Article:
Recently the Department of the Interior reversed the policy of prohibiting incidental take of migratory birds under the Migratory Bird Treaty Act so that accidental or inadvertent actions resulting in the killing of protected bird species will not be criminally prosecuted.  This represents a policy shift from previous administrations where the potential for criminal prosecution and fines were used to encourage industries from telecommunications to energy developers to adopt pro-active conservation or monitoring measures.

The Migratory Bird Treaty Act (MBTA) was established as a federal statue in 1918 to address the overhunting of numerous bird populations in North America that were on the brink of collapse.  It imposed criminal liability on anyone seeking to “hunt, take, capture, kill, attempt to take, capture or kill, possess, offer for sale, sell” or otherwise intentionally “take” any migratory bird.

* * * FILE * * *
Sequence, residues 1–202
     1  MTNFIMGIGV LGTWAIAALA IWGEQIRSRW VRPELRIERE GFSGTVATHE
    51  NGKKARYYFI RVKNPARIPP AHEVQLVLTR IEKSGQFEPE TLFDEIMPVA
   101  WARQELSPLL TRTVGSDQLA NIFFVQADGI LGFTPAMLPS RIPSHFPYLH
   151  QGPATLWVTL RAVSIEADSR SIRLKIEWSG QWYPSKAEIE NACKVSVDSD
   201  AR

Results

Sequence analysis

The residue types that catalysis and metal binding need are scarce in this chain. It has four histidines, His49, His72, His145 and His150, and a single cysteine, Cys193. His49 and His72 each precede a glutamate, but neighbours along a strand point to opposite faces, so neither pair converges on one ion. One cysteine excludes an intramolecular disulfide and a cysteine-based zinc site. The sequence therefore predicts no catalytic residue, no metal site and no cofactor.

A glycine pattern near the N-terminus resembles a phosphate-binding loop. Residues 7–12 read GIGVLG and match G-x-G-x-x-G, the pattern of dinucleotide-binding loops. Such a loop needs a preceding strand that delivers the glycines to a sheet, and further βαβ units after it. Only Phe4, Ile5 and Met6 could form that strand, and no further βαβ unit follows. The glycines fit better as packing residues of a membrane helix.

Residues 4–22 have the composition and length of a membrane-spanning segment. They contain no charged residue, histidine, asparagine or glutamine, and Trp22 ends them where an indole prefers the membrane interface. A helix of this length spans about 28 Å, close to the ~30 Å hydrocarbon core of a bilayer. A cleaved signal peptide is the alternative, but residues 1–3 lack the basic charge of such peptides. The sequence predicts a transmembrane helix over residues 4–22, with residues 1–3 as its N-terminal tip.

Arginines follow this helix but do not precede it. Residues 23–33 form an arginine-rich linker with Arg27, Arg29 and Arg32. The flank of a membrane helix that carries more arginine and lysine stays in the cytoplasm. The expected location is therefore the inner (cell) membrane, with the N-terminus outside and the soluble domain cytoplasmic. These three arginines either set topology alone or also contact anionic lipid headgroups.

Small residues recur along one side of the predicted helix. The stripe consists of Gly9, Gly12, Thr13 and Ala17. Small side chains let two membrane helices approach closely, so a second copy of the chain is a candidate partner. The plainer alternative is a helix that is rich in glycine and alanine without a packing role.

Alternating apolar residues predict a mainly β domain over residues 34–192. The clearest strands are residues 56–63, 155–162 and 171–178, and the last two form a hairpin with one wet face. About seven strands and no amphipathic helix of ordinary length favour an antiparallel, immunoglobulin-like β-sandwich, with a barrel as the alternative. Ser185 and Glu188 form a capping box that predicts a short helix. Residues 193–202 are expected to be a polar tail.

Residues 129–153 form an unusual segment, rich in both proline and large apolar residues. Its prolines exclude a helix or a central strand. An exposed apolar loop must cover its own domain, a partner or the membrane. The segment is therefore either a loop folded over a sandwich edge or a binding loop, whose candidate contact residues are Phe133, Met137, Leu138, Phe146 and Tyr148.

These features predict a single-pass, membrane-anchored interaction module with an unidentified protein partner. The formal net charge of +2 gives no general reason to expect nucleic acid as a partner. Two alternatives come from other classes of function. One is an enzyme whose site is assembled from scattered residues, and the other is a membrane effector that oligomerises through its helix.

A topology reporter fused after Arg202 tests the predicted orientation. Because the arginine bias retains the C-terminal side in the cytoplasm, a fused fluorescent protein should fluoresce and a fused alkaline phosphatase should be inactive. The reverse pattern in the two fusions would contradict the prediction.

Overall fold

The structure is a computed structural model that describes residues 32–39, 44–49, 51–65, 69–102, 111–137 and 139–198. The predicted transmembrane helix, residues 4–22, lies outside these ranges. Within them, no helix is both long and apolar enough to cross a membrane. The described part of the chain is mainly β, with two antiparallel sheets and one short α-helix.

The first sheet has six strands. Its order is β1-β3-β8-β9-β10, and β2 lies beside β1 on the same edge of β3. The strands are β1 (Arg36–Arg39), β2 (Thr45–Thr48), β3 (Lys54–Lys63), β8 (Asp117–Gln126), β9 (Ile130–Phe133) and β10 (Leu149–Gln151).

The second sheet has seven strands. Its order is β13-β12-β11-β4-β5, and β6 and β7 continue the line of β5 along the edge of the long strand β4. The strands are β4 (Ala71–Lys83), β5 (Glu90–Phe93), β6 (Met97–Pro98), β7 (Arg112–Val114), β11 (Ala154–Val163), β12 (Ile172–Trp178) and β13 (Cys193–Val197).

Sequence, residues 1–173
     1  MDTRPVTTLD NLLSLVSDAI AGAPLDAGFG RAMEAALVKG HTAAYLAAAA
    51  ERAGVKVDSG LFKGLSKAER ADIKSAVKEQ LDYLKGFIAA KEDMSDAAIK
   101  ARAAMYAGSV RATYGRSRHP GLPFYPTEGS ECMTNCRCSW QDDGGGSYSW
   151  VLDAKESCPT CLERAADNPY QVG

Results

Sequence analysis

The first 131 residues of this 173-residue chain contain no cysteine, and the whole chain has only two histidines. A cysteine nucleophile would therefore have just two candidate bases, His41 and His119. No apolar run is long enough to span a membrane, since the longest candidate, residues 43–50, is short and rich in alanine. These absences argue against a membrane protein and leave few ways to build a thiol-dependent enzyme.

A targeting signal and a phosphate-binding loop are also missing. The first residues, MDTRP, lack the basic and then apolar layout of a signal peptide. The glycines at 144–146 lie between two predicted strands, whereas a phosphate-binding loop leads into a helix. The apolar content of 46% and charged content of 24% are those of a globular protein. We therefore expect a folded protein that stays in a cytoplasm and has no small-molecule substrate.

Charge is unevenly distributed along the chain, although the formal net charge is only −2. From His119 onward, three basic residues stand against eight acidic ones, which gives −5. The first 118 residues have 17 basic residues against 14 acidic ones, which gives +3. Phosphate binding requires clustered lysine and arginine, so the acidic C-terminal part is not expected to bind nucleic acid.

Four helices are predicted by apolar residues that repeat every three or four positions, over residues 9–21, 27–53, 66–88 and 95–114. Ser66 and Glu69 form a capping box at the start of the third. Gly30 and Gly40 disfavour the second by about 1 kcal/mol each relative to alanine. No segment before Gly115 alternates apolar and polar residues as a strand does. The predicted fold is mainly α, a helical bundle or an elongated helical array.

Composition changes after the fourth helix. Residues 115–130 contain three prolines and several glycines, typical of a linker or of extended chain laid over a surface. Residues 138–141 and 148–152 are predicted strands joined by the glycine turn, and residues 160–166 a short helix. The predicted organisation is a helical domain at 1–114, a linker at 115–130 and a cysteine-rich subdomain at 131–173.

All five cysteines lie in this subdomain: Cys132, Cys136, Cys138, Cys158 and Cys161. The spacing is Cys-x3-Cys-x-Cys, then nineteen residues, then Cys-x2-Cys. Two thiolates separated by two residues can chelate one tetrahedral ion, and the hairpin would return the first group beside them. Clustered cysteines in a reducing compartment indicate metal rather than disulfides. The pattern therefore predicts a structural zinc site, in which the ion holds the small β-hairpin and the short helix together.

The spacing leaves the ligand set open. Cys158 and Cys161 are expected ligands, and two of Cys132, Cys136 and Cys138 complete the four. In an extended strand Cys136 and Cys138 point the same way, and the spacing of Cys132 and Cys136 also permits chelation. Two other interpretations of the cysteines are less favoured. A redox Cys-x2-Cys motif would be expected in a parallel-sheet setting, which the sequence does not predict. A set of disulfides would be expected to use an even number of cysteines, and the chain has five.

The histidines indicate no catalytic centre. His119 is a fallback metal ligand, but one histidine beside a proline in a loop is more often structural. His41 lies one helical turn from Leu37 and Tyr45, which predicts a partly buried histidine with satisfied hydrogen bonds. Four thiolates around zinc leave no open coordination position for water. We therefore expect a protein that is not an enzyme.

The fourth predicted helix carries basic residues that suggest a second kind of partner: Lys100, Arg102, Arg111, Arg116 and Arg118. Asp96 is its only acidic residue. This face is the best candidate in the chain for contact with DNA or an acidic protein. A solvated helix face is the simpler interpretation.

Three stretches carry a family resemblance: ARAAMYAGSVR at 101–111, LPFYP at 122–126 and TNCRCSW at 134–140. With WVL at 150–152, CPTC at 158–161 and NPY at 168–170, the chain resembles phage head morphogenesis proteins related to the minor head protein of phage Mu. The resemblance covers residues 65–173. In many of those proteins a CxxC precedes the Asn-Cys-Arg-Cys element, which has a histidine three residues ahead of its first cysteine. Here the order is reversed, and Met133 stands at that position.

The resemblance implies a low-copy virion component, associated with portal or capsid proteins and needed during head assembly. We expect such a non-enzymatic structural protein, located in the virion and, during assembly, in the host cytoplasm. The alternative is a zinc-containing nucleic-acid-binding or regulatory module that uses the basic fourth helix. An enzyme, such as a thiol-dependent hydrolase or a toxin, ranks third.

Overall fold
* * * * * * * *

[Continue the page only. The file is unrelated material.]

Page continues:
Over time, the scope of what constitutes “take” of migratory birds was extended to include “incidental take” which made numerous businesses and development projects subject to the Migratory Bird Treaty Act.  Since most of the 1000+ birds protected by the MBTA are not threatened or endangered species, many companies are caught off guard for violations to the MBTA when their principle business has nothing to do with hunting or selling birds.  At the direction of the US Fish and Wildlife Service (USFWS) many commercial and industrial enterprises had adopted migratory bird avoidance measures or monitoring in an effort to mitigate the risk of criminal prosecution under the MBTA.

While this policy shift seeks to limit the scope of criminally liable under the MBTA, it does not change USFWS incidental take requirements for threatened and endangered species under the Endangered Species Act.  It’s also unclear if this will have any effect on established MBTA incidental take permit regulations for the U.S. military operations.  Projects with multi-year permitting schedules will likely approach this policy change with caution because it could be revised again under subsequent administrations.  While providing short-term cover for industry groups, this policy is likely to renew legal and regulatory discussions on the implementation of the Migratory Bird Treaty Act.

If you would like more information about this topic and how it may affect your project, contact Josiah Frey at Josiah is an Environmental Scientist at Smith Management Group.